The perspectograph - For the Learning of Mathematics


The perspectograph - For the Learning of Mathematics
The perspectograph
In Gerofsky’s (2011) contribution to For the Learning of
Mathematics, she mentions Duerer’s grid for perspective
drawing (Figure 1, in her text). It is just one example of the
many grids used for drawing before the introduction in
mathematics of what are now called Cartesian coordinates.
I have an example where the presence of numbers is even
more evident and in which a justification of the standard orientation may be found. The example comes from the famous
handbook Le Due Regole Della Prospettiva Pratica by
Jacopo Barozzi, published in 1583 after the author’s death
by Egnatio Danti, a few decades after the publication of
Duerer’s treatise in 1525.
Barozzi describes the use of an instrument called a perspectograph (see Figure 1). [1] The perspectograph consists of
Figure 2. Two sixth-graders at the perspectograph.
two graduated rods (a horizontal one that is fixed and a vertical one that can move) that identify the virtual frame. Looking
through an eye-piece, the artist centres on the point he wants
to draw. Using a system of threads and linkages he can move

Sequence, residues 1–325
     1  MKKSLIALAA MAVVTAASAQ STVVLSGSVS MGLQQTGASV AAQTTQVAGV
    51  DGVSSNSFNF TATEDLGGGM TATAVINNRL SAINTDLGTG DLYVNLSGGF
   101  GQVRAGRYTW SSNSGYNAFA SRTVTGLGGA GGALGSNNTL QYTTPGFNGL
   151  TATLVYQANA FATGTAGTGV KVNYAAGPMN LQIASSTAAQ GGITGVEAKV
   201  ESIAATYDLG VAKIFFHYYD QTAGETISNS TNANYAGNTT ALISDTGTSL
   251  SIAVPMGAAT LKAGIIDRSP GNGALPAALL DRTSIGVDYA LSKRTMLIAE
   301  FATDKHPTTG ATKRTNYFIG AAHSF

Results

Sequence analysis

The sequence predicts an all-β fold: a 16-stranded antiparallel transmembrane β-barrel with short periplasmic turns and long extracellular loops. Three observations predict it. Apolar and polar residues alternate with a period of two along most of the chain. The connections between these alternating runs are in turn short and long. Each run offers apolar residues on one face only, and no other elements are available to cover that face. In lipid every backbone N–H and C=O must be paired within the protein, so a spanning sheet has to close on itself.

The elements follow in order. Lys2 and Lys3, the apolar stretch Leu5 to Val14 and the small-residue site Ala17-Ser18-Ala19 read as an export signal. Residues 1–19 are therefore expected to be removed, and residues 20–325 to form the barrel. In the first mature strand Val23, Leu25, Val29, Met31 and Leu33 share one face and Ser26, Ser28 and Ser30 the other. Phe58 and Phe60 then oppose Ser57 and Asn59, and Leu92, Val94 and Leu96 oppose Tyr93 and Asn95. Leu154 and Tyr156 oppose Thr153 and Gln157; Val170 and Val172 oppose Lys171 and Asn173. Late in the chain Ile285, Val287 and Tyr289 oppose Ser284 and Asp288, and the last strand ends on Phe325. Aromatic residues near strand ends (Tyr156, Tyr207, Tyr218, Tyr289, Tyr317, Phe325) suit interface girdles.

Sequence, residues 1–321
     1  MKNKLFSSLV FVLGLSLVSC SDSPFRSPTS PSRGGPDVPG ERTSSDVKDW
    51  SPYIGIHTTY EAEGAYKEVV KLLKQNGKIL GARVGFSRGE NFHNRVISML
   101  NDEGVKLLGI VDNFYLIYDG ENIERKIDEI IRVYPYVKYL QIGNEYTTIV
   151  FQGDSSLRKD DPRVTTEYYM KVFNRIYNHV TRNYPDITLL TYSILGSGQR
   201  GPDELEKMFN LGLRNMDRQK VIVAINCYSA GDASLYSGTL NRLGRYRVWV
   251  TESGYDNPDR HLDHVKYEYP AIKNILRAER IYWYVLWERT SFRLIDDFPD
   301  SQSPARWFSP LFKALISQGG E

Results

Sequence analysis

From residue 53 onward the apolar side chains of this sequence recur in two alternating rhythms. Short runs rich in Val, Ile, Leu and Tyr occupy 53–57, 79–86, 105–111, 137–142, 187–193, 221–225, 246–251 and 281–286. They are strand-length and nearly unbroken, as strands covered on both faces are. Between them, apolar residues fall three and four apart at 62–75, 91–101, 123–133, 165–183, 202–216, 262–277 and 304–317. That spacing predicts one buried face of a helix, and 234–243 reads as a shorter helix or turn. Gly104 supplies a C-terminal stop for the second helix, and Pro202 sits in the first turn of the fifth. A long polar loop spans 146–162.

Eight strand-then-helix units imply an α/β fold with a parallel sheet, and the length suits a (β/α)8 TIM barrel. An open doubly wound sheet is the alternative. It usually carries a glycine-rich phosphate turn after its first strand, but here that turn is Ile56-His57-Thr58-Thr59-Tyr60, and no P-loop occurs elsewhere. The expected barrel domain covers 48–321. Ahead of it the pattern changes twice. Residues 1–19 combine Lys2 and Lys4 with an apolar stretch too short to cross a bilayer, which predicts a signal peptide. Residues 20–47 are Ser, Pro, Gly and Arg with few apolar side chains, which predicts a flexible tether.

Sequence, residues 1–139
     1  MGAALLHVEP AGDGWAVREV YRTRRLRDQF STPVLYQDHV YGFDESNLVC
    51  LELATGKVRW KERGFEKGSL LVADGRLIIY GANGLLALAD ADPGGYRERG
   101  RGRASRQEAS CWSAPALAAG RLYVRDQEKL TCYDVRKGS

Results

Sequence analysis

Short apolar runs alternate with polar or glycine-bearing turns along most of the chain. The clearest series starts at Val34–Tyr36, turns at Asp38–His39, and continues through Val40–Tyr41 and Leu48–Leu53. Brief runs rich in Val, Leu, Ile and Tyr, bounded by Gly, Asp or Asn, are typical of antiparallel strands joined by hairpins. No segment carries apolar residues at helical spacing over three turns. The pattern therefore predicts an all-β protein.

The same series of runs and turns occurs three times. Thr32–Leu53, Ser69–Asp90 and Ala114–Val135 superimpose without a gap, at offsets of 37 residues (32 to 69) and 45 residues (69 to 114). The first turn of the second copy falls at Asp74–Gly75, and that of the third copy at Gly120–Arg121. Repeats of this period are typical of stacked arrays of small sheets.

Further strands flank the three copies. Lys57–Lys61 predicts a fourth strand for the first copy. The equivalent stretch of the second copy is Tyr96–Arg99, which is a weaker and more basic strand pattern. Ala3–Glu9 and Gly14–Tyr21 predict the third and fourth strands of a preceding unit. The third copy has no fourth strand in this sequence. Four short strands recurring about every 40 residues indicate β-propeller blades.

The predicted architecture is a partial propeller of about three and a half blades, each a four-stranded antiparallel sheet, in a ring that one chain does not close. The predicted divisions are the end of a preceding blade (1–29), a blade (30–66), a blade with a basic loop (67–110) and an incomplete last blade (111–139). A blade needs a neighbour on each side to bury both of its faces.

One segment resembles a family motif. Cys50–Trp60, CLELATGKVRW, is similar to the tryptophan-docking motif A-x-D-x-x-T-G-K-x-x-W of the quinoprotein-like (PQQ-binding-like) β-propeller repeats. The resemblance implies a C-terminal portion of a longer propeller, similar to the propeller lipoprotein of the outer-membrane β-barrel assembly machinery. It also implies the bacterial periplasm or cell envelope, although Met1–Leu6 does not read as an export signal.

the vertical rod until it touches the visual ray. Then he dictates to his assistant the coordinates of the point, as read on the
graduated rods. His assistant then uses these coordinates to
draw the point on the real frame, which has a grid on it.
The starting position of the vertical bar is on the left of the
artist (where 0 is located). It is natural from the image to
identify the frame where the virtual image of the statue is
contained as the first quadrant of a Cartesian system of reference, where the x-axis is towards the right and the y-axis
goes up. This arrangement seems to depend of the fact that
the artist is expected to be right-handed and will control the
wheel—a very delicate operation—by means of the right
hand. The use of the instrument is, in this case, easier, from
an ergonomic point of view.
The same treatise contains several other instruments with
graduated rods [2]. A collection of working instruments is
stored in the Laboratory of Mathematical Machines of my university, the University of Modena and Reggio Emilia. The
instruments are often on show and can be used by visitors and
students: in Figure 2, two young students are drawing a star
polyhedron using a reproduction of the perspectograph.
[1] Animations showing how the instrument works, and extracts from the original text can be found at
[2] They can be seen on different pages of the same website mentioned in
note 1.
Figure 1. The original drawing (from Barozzi da Vignola,
1682, p. 60).
Barozzi da Vignola, J. (1682) Le Due Regole della Prospettiva Prattica.
[Two rules of practical perspective]. Bologna, Italy: Gioseffo Longhi.
Gerofsky, S. (2011) Ancestral genres of mathematical graphs. For the
Learning of Mathematics 31(1) 14-19.
For the Learning of Mathematics 32, 2 (July, 2012)
FLM Publishing Association, Fredericton, New Brunswick, Canada